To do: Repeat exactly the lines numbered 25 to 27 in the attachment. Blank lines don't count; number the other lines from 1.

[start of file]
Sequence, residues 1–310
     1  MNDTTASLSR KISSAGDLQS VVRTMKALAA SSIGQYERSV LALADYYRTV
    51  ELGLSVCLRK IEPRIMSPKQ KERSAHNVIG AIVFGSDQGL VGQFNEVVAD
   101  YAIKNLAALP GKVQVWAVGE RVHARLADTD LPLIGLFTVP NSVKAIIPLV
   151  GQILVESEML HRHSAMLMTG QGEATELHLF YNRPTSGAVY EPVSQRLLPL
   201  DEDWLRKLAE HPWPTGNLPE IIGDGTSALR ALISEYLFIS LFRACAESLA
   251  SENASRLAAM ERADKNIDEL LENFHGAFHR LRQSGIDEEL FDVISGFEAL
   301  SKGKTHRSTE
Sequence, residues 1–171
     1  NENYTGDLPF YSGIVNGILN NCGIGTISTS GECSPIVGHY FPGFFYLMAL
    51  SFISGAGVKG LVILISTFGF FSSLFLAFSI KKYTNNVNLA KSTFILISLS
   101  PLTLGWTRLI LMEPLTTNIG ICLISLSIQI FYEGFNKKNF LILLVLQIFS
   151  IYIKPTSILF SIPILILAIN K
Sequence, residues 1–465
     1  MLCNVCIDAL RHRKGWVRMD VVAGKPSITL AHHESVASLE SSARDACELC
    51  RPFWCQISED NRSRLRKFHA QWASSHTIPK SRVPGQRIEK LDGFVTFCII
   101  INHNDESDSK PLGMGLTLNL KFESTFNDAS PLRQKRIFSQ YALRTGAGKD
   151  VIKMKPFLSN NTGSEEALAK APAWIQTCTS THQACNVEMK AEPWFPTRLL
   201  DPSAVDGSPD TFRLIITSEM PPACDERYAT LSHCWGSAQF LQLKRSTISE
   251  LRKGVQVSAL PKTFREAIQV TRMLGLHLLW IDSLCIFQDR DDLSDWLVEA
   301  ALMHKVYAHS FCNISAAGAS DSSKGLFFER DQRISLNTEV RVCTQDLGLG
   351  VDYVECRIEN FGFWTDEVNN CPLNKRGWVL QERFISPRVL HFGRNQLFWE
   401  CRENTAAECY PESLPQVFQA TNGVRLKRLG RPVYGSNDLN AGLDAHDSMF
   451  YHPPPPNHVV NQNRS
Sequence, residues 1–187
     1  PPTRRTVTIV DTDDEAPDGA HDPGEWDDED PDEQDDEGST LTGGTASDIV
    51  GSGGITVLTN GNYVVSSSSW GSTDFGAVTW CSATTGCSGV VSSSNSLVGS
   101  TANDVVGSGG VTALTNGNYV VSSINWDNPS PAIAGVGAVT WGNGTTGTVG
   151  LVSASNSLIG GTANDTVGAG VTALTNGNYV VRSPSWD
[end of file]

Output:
Sequence, residues 1–187
     1  PPTRRTVTIV DTDDEAPDGA HDPGEWDDED PDEQDDEGST LTGGTASDIV
    51  GSGGITVLTN GNYVVSSSSW GSTDFGAVTW CSATTGCSGV VSSSNSLVGS